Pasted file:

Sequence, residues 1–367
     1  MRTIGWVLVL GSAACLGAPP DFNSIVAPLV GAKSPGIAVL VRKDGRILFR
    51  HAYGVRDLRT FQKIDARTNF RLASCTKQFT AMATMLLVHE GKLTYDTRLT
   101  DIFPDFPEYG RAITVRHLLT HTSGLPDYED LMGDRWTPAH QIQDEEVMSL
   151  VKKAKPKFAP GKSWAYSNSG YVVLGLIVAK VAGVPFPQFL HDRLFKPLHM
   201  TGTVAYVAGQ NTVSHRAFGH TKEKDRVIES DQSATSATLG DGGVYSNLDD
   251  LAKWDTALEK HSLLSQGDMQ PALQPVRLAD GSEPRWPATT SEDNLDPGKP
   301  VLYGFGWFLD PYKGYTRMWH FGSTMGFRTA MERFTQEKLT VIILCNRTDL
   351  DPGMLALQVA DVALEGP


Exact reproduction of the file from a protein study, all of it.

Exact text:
Sequence, residues 1–367
     1  MRTIGWVLVL GSAACLGAPP DFNSIVAPLV GAKSPGIAVL VRKDGRILFR
    51  HAYGVRDLRT FQKIDARTNF RLASCTKQFT AMATMLLVHE GKLTYDTRLT
   101  DIFPDFPEYG RAITVRHLLT HTSGLPDYED LMGDRWTPAH QIQDEEVMSL
   151  VKKAKPKFAP GKSWAYSNSG YVVLGLIVAK VAGVPFPQFL HDRLFKPLHM
   201  TGTVAYVAGQ NTVSHRAFGH TKEKDRVIES DQSATSATLG DGGVYSNLDD
   251  LAKWDTALEK HSLLSQGDMQ PALQPVRLAD GSEPRWPATT SEDNLDPGKP
   301  VLYGFGWFLD PYKGYTRMWH FGSTMGFRTA MERFTQEKLT VIILCNRTDL
   351  DPGMLALQVA DVALEGP